According to their website, ISACA was founded in 1969 by a small group of professionals who saw a need for a centralized source of knowledge and advice in the rapidly developing field of computer system auditing controls.
Thousands of IT professionals have earned ISACA certifications since then.
The CISA certification includes information security audit control, assurance, and security and is widely recognized.
A CISA certification demonstrates that a professional can assess vulnerabilities, report on compliance concerns, and implement security measures inside an organization.
This cybersecurity certification from the ISACA (Institute of Supply Chain Management) helps you demonstrate your competence in analyzing security vulnerabilities, creating and implementing controls, and reporting on compliance.
It’s one of the most well-known qualifications in the field of cybersecurity auditing.
The CISA is for IT professionals in their mid-career who want to progress into positions such as:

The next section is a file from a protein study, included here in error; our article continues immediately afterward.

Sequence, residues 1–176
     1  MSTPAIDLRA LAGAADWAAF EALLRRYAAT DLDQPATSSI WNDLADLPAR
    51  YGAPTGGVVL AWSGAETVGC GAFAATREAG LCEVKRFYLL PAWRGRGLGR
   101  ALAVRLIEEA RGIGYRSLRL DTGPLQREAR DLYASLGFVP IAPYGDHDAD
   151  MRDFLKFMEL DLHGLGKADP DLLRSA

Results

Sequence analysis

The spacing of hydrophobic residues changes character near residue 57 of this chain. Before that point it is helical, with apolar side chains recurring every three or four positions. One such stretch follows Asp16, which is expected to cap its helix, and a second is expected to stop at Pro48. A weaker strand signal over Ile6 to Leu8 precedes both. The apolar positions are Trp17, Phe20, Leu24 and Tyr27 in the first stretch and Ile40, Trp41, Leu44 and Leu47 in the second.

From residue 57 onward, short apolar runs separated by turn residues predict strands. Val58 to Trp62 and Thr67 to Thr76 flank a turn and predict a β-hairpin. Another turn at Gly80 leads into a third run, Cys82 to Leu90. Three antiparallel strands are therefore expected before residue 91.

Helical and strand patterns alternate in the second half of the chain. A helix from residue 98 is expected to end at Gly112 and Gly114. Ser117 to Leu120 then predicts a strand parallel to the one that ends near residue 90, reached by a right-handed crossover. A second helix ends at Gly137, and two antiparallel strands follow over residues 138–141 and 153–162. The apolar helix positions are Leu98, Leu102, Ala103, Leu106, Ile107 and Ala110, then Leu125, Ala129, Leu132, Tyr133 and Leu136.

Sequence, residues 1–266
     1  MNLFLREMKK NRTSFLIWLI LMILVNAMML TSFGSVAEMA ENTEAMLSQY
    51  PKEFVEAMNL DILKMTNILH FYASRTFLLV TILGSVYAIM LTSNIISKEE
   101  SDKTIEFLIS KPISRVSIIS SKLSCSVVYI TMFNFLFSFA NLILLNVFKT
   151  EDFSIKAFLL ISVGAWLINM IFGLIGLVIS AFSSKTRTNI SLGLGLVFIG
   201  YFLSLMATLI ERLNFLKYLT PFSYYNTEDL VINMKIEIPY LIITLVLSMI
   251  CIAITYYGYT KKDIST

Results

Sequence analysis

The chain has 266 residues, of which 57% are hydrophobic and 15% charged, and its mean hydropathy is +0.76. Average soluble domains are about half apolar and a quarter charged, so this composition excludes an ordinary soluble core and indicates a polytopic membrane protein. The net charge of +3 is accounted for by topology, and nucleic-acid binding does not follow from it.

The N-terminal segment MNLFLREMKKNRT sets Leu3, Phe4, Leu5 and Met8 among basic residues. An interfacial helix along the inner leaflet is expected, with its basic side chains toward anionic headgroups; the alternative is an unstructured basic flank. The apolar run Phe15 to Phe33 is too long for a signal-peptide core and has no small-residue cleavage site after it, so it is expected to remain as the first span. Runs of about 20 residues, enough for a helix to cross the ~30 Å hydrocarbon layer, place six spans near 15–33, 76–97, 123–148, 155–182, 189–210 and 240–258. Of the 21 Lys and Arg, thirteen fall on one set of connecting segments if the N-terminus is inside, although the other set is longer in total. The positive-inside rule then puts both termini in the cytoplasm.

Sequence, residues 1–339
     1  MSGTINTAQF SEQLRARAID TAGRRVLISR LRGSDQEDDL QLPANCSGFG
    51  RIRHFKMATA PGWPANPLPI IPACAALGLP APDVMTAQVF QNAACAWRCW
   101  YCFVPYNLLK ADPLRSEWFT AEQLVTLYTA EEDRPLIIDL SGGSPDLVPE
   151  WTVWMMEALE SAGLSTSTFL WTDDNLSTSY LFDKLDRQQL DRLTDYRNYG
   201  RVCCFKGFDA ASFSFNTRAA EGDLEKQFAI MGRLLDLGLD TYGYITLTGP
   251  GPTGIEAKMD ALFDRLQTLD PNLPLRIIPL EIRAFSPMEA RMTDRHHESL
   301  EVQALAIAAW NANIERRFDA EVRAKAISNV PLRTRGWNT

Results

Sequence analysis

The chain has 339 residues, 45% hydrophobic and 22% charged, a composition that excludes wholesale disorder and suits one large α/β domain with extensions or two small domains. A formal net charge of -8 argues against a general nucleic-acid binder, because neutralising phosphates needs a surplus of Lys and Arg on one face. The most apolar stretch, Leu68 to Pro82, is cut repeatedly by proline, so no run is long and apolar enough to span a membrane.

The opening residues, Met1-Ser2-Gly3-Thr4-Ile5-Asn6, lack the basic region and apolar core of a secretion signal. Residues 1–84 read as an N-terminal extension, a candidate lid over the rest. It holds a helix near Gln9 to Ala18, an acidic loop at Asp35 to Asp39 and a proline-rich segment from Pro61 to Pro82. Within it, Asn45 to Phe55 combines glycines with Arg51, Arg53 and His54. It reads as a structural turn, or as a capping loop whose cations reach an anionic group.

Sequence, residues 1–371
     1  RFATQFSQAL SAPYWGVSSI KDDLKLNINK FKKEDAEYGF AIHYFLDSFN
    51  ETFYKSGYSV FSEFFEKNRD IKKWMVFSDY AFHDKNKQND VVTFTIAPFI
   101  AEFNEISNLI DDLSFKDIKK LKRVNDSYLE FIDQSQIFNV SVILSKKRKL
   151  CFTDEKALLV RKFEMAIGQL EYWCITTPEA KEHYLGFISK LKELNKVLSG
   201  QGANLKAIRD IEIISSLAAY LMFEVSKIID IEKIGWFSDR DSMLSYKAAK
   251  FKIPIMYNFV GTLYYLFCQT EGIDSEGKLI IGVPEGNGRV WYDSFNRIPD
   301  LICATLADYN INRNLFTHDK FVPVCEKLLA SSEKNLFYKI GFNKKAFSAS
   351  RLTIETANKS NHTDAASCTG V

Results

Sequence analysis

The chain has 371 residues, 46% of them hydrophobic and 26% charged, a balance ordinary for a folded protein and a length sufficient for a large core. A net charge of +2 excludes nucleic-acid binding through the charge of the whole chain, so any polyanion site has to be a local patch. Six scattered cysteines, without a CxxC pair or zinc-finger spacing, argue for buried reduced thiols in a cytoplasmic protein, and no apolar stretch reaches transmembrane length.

$122,254 for an IT audit manager
$69,083 for a cybersecurity auditor
$99,372 for an information security analyst
$93,526 – IT security engineer
$102,743 for IT project manager
Manager of Compliance Programs – $92,829
At least five years of expertise in IT or IS audit, control, security, or assurance is required.
One or two years of experience can be substituted for a two- or four-year degree, respectively.
Members need to pay $575, while non-members pay $760.
11. CHFI (Computer Hacking Forensic Investigator)
The process of identifying hacking assaults and correctly extracting evidence to report the crime and conduct audits to avoid future attacks is known as computer hacking forensic investigation.
In today’s online environment, computer crime is on the increase.